A central goal of this work is to investigate what it may have been like to experience life in the past on the islands, but it also aims to propose imaginary futures for the islands influenced by their own history, perhaps with communities thriving once again. The project entails a long period of field research that requires us to visit as many of these islands as physically possible.
We will document these places through photography, videography, audio field-recordings, and meeting the people who still have a connection to the lost island communities through their family history or perhaps their profession.
While we can’t spend a lifetime on an island, we’re going to capture as much as possible and be talking with people who have done so, in order to better convey the island experience through our installations. The sonic environment becomes a large part of the work because of its importance in the immersive experience of place. We’ll be gathering authentic location sound: the waves roaring over the edge of a cliff, the birds calling over the sea, the wind rushing over the islands.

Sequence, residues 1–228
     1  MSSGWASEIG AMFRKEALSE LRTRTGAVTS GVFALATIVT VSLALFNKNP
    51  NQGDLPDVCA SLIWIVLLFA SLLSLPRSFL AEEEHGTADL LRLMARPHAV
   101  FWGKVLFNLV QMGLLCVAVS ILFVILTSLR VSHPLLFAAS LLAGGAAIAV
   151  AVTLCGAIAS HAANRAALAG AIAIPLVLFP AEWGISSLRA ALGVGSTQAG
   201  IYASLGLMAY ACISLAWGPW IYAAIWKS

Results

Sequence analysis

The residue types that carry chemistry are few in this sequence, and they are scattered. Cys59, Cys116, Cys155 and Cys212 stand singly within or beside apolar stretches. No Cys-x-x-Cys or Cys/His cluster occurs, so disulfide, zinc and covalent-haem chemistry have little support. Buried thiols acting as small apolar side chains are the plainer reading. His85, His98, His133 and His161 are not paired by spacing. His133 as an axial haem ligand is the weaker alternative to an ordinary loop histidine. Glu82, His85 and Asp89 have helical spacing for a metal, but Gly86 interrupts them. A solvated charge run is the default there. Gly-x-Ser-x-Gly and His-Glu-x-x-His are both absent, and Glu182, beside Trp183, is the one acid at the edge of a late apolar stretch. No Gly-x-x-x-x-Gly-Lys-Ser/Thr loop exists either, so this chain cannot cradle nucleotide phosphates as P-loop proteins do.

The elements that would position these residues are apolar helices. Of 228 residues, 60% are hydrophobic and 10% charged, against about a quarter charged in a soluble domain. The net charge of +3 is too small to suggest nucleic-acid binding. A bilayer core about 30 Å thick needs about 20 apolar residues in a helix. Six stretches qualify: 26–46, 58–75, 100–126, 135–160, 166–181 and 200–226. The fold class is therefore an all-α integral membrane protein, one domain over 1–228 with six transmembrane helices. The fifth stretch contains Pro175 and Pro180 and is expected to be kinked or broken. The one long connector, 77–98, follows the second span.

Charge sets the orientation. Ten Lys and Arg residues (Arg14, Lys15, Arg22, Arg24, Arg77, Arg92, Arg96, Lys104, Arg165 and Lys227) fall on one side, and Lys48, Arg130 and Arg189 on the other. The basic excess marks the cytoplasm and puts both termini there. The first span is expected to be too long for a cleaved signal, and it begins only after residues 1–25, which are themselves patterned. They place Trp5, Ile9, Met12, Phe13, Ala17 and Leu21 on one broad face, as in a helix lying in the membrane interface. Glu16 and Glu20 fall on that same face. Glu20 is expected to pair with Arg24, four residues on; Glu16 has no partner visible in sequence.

These natural soundscapes will set the scene for the anthropocentric part of the sound world, in which we will imagine what kind of sounds the island villages and the people living there made and what sounds could exist there today if the boat still brought the post and self-sufficient lifestyle utilised new technologies. It’s also important to address the themes in this work visually, and we plan to construct and sculpt forms which evoke the islands’ physicality.
Working with organic materials connects with the ruggedness and purity of landscape that is often associated with islands, and we want to express the power and beauty of nature throughout this project.
Mountains Underwater culminates in a series of exhibitions in different regions throughout Scotland.